Speed Reads

Say what?

There's one big problem with the State Department's Syrian ceasefire violation hotline

A U.N.-brokered ceasefire went into effect in Syria on Saturday and in order to monitor violations, the U.S. State Department set up a hotline. Only, the people manning the line don't actually appear to speak fluent Arabic.

In one instance, a reporter for the non-profit journalism organization Syria Direct tried calling in violations in Aleppo, Homs, and a number of other sites. "I didn't expect an American to answer," reporter Orion Wilcox said. "He answered in English but switched to Arabic. I started telling him in Arabic about the reports we were getting from Homs province of specific ceasefire violations... He's really struggling and can't understand me. I'm like, Why is this American guy on the phone who can't speak Arabic? I'd give a detailed account of something happening in Homs province and he would listen and his answer was: 'Homs.'"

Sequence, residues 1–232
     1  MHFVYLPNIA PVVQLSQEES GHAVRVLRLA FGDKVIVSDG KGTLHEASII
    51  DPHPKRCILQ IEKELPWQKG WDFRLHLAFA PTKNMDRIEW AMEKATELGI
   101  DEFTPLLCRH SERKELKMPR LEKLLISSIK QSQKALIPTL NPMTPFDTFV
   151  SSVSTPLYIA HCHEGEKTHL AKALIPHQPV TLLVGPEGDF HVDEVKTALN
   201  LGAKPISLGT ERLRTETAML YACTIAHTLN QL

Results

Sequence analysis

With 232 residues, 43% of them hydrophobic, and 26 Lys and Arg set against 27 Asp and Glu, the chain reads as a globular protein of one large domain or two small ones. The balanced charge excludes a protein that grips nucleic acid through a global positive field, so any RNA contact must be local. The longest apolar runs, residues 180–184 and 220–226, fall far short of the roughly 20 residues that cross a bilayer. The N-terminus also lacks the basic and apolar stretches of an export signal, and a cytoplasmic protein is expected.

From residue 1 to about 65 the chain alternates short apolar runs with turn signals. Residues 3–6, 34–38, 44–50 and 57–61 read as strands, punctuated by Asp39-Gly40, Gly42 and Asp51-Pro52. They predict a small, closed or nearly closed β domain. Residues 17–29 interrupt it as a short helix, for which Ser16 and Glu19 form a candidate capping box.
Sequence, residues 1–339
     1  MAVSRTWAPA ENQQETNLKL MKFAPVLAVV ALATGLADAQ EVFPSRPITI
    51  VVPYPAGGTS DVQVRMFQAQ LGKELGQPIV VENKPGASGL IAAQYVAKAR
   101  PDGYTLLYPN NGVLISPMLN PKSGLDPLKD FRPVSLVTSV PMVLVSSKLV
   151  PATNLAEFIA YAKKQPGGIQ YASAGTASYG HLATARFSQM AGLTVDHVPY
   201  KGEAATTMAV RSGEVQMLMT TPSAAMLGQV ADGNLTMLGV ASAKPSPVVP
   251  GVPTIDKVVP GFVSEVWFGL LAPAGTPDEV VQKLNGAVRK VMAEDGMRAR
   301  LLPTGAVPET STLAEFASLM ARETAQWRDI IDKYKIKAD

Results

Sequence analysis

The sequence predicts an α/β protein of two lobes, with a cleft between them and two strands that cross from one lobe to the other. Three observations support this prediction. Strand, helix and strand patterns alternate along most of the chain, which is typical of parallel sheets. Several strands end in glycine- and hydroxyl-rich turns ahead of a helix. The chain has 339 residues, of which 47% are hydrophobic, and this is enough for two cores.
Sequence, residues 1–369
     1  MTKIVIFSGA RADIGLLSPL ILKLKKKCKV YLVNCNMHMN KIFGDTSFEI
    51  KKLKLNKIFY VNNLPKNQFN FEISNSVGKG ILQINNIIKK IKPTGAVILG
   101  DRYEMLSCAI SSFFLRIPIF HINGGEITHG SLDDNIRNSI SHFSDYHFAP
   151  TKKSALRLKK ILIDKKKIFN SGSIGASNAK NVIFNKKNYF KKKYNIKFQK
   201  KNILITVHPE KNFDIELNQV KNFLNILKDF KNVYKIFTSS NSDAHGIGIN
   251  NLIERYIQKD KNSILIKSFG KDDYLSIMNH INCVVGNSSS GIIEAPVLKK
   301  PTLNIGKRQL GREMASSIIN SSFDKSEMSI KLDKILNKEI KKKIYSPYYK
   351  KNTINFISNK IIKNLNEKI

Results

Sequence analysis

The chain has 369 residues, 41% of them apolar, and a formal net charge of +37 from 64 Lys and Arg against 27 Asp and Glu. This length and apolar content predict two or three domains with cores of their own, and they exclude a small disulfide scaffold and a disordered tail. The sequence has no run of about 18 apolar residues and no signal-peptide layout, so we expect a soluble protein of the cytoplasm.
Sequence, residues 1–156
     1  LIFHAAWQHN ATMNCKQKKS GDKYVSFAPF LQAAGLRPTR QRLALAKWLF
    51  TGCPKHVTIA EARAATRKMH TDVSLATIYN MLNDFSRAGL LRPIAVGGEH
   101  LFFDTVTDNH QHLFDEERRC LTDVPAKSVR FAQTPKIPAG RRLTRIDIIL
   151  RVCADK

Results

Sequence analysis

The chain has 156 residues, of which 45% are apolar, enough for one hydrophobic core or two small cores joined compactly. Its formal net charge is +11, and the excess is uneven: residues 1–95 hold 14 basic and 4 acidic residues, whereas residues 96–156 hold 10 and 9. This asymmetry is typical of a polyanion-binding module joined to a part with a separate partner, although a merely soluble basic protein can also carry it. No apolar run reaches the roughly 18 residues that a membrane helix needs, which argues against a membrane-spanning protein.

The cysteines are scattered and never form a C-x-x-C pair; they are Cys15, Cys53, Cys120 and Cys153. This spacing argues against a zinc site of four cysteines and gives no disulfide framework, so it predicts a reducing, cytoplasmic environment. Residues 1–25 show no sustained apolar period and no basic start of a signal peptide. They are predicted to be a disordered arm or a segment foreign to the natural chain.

In another instance, reporter Osama Abu Zeid tried making a call only to be told he had the "wrong number."

Osama redialed the same number, and another employee answered the call.

"Ok sir, I'm a Syrian journalist and I'd like to report a breach of the hudna [ceasefire] involving multiple airstrikes in the countryside south of Hama city — at the area where Hama governorate meets northern Homs province," Osama said.

[...] During the four-minute phone call, the operator struggled to ask basic questions regarding the incident.

At one point, when attempting to ask Osama if the strikes had resulted in any casualties, the operator instead said what appeared to be an accidental string of expletives. [Syria Direct]

Another activist said he no longer reports breaches to the State Department, citing a similar incident. "We attempted to call the [Department of State's hotline], but we don't think they understood what we were saying," activist Abu Odei al-Homsi said.

"We are mindful and working to address the difficulties that some have experienced when calling in to convey reports of violations in Arabic," a State Department official said Wednesday.